Despite being a little tubby, Doodles the Deer requires cozy accessories to stay warm during the winter. Doodles will make the perfect gift for a child, or anyone who appreciates plump, cuddly animals! Doodles can be made from new fabric or, for an eco-friendly plush toy, upcycled clothing or eco-friendly felt or fleece. I’ve made a video tutorial (this is the extended version, not the one from social media) as well as a step-by-step photo tutorial below for making Doodles.
The deer in the video tutorial was made with Kunin felt made from recycled plastic bottles, a misprinted shirt I salvaged from a local screen printer, a ripped pair of flannel pajamas, and a scrap of organic cotton fleece. I also made a Doodles with all organic knit fabrics (pictured below). You can see how the difference between the non-stretch plush felt and the stretchy organic fleece makes for an even fatter deer!
To make Doodles, you’ll need:
This pattern can be sewn with stretch or woven fabric, just don’t mix and match knits with wovens unless you know what you’re doing. There’s nothing more frustrating than having a sewing project turn out poorly because your chosen fabrics are a nightmare to work with. I recommend sewing with fabrics you have some experience with. If you want to use upcycled fabric for the deer body, I recommend using old cotton or cotton/poly hoodies/sweatpants or a woven fabric that isn’t too heavy or frays easily. For the socks, you want to use a medium weight stretch fabric (nothing too thin or overly stretchy like some t-shirts can be). Test a small pattern piece with any upcycled fabrics you are using. You want to ensure the needle does not leave holes on knits (with certain knit fabrics, you may need to use a ballpoint or stretch sewing needle and reinforce your straight stitch with a stretch stitch). With woven fabrics, you want to make sure the fabric does not fray up to stitchline when turned and stuffed. You may need to add additional seam allowance with some woven fabrics. Unfortunately, I can’t be there with you to help you select your fabrics. If you’re relatively new to sewing, I’d recommend using the same fabrics I did for the tutorial.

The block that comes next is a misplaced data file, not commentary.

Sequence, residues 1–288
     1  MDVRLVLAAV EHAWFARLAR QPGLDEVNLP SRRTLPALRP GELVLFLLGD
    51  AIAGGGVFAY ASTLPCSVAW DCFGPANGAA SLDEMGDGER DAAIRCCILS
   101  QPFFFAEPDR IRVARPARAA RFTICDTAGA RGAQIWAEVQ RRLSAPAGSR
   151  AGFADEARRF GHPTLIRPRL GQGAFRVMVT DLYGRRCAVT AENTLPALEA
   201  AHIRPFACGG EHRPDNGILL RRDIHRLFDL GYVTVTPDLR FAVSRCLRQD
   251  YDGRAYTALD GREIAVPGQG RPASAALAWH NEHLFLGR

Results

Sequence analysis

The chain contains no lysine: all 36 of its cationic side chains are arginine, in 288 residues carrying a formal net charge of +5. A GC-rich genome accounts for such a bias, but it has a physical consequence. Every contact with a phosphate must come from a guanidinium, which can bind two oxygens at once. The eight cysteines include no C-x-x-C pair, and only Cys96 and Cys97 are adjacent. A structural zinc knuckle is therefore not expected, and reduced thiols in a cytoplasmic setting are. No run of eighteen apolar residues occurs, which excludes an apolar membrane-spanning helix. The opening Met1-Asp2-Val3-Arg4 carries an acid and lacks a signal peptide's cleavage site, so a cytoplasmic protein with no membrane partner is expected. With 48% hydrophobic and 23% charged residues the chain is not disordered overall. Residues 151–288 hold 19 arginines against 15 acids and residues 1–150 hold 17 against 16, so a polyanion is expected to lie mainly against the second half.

Line up arrows on pattern pieces with grainline/nap direction of fabric. Trace all pieces and transfer all markings. Note that the body and sock pieces have a 1/4″ seam allowance. It is easiest to trace the stitchline for the ears, legs, arms, and antlers, so those pattern pieces do not have a seam allowance added. If making the nose and eyes with felt, I recommend taping the pattern pieces directly to the felt and cutting them out (watch this video for a detailed tutorial).
Cut out body pieces. Stitch arms, legs, ears and antlers on folded fabric. Cut out, clip curves, and turn right side out.
Machine stitch or hand-stitch around nose 1/8″ from edge.
For the eyes, you can do the same, or you can use a satin stitch, safety eyes, or embroidered knot eyes like I used for the organic deer (here’s a video tutorial on embroidering eyes with a French or colonial knot).
For an added touch to felt eyes, you can embroider a single stitch with white thread or floss in both eyes.
Cut out socks. Fold 1/2″ hem at top of sock and press. Topstitch across sock hem 1/4″ from fold with a stretch stitch or narrow zig zag stitch. Lay sock pieces RIGHT sides together and stitch around U shape with a stretch or zig zag stitch. Trim seam allowance and turn right side out. Put socks on legs.
Stuff antlers. Stuff all the way to the ends to help hold the antlers upright. Stuff arms and legs about 2/3 of the way up.
Baste stitch ears 1/8″ from bottom edge. Fold in sides of ears to meet in middle. Baste stitch again across the bottom to hold in folded position.